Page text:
If you would like to read my Dorset nature notes about any of these featured species or sites please click on the post title
- I have been interested in nature for most of my life but since I retired I spend as much time as I can exploring the nature reserves and wildlife hotspots of my adopted home, Dorset in southern England. Whilst out I record what I see and take snaps where I can (I am no photographer!) and that forms the basis of my Nature of Dorset website. When I find something new I like to research it and write about it in my nature notes, it is how I learn and hopefully you might find my notes helpful as well!This website is for the people of Dorset interested in wildlife and for people from elsewhere interested in the wildlife of Dorset!
28 March, 2016
27 March, 2016
The golden spindles fungus (Clavulinopsis fusiformis) is aptly named; golden spindle shapes coming out of the leaf litter on acidic soils hence it can be found in wooded areas of heath, such as that found around the Purbeck area. It comes out in autumn and is very common but becuase of its size it must be frequently over looked. It is very similar to the yellow club and one or two other species so you need to be careful; ideed, I hope I have got this right!Clavulinopsis fusiformis: the golden spindles fungus
25 March, 2016
24 March, 2016
These dandelion look-a-likes are notoriously difficult to identify. They look similar and they have similar names; hawkweeds, hawkbits, hawksbeards, just where do you start? Indeed, for the casual observer like me it is almost impossible to approach these flowers with any confidence at all.
The usual rules can be applied, however, and by taking in to account habitat, the time of year it is in flower and how common a species is helps to narrow down the field to a limited choice. With the narrow-leaved hawkweed (Hieracium umbellatum) these rules help because it occurs on dry heathland where it is quite common. From there it is just a question of telling it apart from the limited number of species occurring in such conditions. It then becomes relatively easy because narrow-leaved hawkweed is a tall plant with a tight cluster of small, dandelion-like flowers at the top of the stem and a series of opposite, narrow and pointed leaves occurring along the full length of the stem, bigger leaves at the bottom getting smaller as you go us. This array of leaves up the stem gives rise to its other common name, leafy hawkweed.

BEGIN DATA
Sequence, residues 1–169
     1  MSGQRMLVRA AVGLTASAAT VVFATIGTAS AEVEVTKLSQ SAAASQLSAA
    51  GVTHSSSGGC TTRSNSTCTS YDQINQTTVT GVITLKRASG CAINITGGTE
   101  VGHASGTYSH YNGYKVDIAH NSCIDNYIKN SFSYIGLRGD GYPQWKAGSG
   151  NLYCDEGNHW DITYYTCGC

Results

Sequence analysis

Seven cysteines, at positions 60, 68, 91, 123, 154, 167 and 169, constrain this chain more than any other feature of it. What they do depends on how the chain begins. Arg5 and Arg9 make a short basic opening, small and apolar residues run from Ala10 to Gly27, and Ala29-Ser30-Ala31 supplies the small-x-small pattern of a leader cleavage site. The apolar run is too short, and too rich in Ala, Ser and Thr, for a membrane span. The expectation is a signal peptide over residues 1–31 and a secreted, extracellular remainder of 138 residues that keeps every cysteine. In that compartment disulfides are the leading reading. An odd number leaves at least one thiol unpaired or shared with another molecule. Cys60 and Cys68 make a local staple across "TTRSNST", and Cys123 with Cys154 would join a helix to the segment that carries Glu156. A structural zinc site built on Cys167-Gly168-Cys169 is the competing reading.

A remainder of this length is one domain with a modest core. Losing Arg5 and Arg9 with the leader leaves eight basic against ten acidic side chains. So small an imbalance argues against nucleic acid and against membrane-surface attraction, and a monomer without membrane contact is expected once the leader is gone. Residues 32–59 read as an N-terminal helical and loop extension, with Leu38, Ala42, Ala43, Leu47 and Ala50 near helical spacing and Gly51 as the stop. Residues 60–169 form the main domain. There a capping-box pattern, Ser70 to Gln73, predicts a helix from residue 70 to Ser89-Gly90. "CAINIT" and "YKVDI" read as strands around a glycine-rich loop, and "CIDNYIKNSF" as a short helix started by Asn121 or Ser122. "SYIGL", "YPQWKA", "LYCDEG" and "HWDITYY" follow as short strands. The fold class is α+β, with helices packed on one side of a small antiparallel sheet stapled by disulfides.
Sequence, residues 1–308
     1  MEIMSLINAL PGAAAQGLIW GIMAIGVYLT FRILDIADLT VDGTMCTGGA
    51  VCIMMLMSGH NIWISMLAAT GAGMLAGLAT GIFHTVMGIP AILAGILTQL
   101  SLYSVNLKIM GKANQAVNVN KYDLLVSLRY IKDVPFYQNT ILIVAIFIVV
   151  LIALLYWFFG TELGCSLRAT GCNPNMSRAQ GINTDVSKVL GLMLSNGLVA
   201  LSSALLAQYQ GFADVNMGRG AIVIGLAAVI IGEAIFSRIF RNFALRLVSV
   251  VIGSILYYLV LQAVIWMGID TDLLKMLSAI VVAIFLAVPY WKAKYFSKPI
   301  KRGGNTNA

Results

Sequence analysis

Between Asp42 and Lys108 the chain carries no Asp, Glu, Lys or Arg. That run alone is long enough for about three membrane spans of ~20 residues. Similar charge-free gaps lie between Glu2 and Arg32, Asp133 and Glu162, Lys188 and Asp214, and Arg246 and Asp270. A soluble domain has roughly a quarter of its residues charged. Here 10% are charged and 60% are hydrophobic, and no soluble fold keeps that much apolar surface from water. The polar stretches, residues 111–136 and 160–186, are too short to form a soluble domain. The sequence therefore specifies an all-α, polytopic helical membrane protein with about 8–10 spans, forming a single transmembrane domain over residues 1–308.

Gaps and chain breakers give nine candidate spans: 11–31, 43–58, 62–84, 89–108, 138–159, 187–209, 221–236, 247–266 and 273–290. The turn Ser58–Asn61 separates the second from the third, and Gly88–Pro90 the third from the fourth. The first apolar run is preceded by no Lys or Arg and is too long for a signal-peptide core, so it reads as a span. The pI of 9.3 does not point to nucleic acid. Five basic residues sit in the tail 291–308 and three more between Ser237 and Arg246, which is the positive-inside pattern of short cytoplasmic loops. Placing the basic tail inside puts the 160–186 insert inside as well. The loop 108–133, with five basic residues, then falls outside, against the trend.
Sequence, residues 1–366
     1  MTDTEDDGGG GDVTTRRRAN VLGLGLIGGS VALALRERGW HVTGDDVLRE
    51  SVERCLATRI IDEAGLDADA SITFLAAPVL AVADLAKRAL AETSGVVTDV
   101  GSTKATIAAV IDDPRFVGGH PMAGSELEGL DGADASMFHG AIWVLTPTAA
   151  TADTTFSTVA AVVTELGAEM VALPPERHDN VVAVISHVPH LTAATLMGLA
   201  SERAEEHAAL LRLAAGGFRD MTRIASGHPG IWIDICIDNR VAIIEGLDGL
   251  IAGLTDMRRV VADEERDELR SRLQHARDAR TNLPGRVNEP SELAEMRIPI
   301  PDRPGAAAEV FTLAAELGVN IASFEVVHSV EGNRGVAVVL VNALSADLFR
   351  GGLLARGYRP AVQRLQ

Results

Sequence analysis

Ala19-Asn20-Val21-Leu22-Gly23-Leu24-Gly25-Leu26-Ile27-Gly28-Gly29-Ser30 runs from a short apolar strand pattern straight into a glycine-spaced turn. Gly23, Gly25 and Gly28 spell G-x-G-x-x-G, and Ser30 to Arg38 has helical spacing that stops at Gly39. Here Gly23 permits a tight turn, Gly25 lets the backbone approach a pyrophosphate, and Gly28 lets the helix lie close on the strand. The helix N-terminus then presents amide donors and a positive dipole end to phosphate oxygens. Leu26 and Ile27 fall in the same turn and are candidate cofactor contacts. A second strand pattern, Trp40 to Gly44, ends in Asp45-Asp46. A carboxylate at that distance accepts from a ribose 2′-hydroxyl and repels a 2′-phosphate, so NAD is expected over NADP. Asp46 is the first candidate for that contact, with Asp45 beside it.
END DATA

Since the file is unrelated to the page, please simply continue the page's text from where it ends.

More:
Even with this series of diagnostic steps it is still easy to get it wrong but don't worry, even experts can struggle with this family of plants!Narrow-leaved Hawkweed: the leafy hawkweed
23 March, 2016
21 March, 2016
20 March, 2016
19 March, 2016
18 March, 2016
17 March, 2016
This being lesser skullcap (Scutellaria minor) it does not take a Sherlock Holmes to deduce that there is also a skullcap which is bigger! Skullcap (the larger one) is found near streams and fresh water and, whilst not common, is certainly far from rare. Its lesser cousin, however, is much more restricted in its preferences and so is found far less often.
Lesser skullcap is a member of the bugle family and has the familiar trumpet-shapes flower associated with such species. It is a delicate, sprawling little flower, pink or mauve in colour and the stem is square but, very thin, and also of a pinkish colour. The leaves are pointed and have clearly defined veins. The plant has a mild, minty scent; it does not seem to be the herbal remedy that its larger cousin is, probably because it is not big enough.
It flowers from July through until October and can be found in damp, acidic conditions on heaths and in woods.Lesser Skullcap: a flat minor
16 March, 2016
15 March, 2016
Once upon a time our countryside in spring would graced with the lovely yellow wild daffodil (Narcissus pseudonarcissus); now I am not absolutely certain there are any true wild daffodils left in Dorset. I have found some that display the characteristics and have recorded them as the real thing but I have a feeling I may be wrong!